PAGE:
(Posting a series of success stories from the compilation The Project Why Stories 2000-2016)
Chandan came to Project WHY in 2002 as an electrician. He lived in the community of Giri Nagar, where our original centre was based. The Project was in search of an electrician to do the odd repairs around the centre. Vinod Chaudhary, a friend of the Project WHY told us about his nephew, Chandan, who was willing to assist.
After a few months of such work, Chandan explained to us that he wanted to do more than just fixing lights; he wanted his career to progress and he wanted to leave a real impact on this world. As he was interested in teaching, and demonstrated raw talent in maths and science, Project WHY hired him as a Primary teacher in 2003. Chandan worked as a full-time teacher by day and an electrician by night in order to supplement his income.
Chandan was an excellent teacher but, having been brought up in a society rife with casteism, his behaviour raised issues for the Project. In India, no matter how educated one is, an upbringing in the rural village of Bihar renders the caste system a way of life, making it a difficult philosophy to eliminate.
India’s caste system is among the world’s oldest forms of surviving social stratification. The system divides Hindus into rigid hierarchical groups based on the occupation of the family into which one is born. Traditionally, the system bestowed privilege upon the upper castes whilst sanctioning the repression of the lower castes by privileged groups. Often criticized for being unjust and regressive, the system persists in many rural and urban cities.
As a non-discriminatory mission, Project WHY employs staff from all walks of India, regardless of community and caste. Unfortunately, people like Chandan were taught from a young age to avoid any group situation that involved both high and low class. Initially, we did not pay much attention to Chandan’s behaviour in the hope that he would naturally integrate into our way of thinking. He would occasionally avoid the Project’s group activities that involved groups from mixed castes, but otherwise did not pose a problem. However, in 2004, when our local tea seller lady Seema picked a fight with Chandan for having refused to drink her tea, the Project WHY team had to step in to calm the situation. Seema reported Chandan to a village elder that night and the ensuing violence between communities required intervention. We found ourselves using Chandan to explain to the community that violence was not the answer and that all issues could be resolved in time.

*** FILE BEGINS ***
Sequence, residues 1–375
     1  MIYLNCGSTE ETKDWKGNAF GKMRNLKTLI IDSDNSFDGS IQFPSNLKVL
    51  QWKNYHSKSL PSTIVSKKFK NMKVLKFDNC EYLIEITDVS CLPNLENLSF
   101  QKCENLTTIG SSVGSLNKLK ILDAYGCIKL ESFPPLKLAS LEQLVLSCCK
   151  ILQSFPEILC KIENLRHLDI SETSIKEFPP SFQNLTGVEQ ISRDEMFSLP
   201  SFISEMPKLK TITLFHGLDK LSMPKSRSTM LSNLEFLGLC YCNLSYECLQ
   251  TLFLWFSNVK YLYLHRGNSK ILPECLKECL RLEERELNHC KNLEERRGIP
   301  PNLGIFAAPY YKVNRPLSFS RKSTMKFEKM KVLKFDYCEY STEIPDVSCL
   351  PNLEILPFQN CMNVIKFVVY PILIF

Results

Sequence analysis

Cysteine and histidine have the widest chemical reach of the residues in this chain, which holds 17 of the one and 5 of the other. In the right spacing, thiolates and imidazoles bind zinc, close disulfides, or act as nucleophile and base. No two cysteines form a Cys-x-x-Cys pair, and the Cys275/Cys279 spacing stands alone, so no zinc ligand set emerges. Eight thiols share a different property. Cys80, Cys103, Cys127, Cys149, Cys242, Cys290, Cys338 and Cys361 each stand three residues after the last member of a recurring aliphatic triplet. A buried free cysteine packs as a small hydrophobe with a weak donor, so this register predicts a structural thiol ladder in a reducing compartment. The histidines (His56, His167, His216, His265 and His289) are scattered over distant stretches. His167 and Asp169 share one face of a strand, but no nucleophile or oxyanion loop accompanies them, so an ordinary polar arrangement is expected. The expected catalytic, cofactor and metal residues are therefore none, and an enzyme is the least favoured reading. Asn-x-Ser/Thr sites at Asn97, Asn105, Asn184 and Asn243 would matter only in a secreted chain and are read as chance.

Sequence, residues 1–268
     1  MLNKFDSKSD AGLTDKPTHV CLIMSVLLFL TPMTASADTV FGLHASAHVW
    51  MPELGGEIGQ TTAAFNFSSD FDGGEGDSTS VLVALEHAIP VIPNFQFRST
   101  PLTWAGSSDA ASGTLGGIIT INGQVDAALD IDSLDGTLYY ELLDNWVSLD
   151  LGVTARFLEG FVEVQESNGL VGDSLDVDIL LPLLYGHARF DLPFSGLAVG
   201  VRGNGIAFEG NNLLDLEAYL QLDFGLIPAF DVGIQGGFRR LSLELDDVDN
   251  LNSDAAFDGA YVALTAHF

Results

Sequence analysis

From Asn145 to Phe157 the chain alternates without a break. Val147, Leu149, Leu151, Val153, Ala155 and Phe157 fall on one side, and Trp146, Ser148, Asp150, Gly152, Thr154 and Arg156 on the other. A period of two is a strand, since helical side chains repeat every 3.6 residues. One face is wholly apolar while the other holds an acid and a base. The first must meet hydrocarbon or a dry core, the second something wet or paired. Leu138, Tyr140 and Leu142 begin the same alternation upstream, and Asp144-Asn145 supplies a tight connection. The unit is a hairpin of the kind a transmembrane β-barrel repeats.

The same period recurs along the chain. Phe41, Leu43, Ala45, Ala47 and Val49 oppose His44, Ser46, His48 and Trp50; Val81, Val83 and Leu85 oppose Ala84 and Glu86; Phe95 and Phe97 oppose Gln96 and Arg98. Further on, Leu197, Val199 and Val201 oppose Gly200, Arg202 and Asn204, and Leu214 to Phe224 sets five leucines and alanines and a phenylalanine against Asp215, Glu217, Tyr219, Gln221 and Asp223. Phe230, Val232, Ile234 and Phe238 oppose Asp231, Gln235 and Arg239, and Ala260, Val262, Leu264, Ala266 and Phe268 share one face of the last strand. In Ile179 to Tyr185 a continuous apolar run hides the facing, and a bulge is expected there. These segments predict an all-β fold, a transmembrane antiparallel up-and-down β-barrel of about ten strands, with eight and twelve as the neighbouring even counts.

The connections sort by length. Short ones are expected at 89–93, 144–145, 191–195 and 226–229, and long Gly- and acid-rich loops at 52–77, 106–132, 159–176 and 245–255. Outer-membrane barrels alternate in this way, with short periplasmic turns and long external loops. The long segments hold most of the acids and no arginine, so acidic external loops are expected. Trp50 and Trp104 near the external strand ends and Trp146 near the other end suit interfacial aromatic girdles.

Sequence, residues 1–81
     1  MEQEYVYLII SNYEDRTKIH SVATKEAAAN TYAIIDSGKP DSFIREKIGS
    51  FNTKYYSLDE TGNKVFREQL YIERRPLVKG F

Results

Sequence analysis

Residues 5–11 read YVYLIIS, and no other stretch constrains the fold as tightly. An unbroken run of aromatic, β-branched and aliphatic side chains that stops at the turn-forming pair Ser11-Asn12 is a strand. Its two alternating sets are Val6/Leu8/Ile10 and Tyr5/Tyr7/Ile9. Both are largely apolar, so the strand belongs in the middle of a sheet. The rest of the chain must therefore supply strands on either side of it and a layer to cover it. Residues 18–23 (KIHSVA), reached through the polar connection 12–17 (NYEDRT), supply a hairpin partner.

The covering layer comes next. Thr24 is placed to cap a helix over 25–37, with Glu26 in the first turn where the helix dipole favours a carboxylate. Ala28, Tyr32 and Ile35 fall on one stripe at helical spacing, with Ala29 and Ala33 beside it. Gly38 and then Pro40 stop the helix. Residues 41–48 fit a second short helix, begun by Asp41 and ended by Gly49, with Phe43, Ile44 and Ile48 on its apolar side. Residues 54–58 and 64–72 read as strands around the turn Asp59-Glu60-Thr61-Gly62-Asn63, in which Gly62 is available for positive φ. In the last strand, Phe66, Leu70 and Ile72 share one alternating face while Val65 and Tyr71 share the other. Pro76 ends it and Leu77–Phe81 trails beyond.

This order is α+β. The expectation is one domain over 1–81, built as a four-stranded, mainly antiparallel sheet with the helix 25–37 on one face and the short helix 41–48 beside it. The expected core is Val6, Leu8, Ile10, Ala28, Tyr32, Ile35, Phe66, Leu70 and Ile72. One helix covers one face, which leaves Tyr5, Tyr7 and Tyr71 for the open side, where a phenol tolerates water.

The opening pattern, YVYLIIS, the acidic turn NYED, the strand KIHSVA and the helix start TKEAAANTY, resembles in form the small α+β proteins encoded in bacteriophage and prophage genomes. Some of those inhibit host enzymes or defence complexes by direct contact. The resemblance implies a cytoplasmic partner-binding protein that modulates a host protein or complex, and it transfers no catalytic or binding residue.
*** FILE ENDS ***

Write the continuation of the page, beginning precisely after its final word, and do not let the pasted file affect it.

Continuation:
After working with Project WHY over time, seeing its progressive approach to hierarchy and understanding the value of each member of society, Chandan slowly changed his mindset and began accepting all castes equally. By welcoming him into a career that he believed to be above his reach, we taught him to do the same for others, and he now finds himself relaying the same message back to his village in Bihar.
In 2004, Chandan wanted to do more and learn more. He took extra classes with Project WHY’s resident mathematician, Naresh, in the hope of teaching secondary classes in the future. In 2005, he began teaching our Junior Secondary classes, but continued to teach electricals for those looking for careers in the field. It also transpired that he was a talented artist and the children enjoyed learning to draw under his guidance.
After eight successful years with the Project, Chandan, along with another teacher, Pravin, wanted to take the vision and concept of Project WHY and apply it to their own community of Bihar by creating a new NGO. In 2010, Chandan therefore created the “Deepjyoti Charitable Trust” which works in a similar way to Project WHY, but targets education and social mobility in his home state of Bihar. Chandan has replicated our concept, initially taking small groups of children into education, and going on to expand into an all-round support centre. Project WHY provided its expertise to the trust and acted as an adviser, as well as providing financial assistance for its first two years. We continue to maintain close relations with Chandan and his team, but the organisation is now able to stand on its own two feet. Chandan and his Pravin are now proud owners of an NGO that makes a genuine difference in Bihar and playing it forward!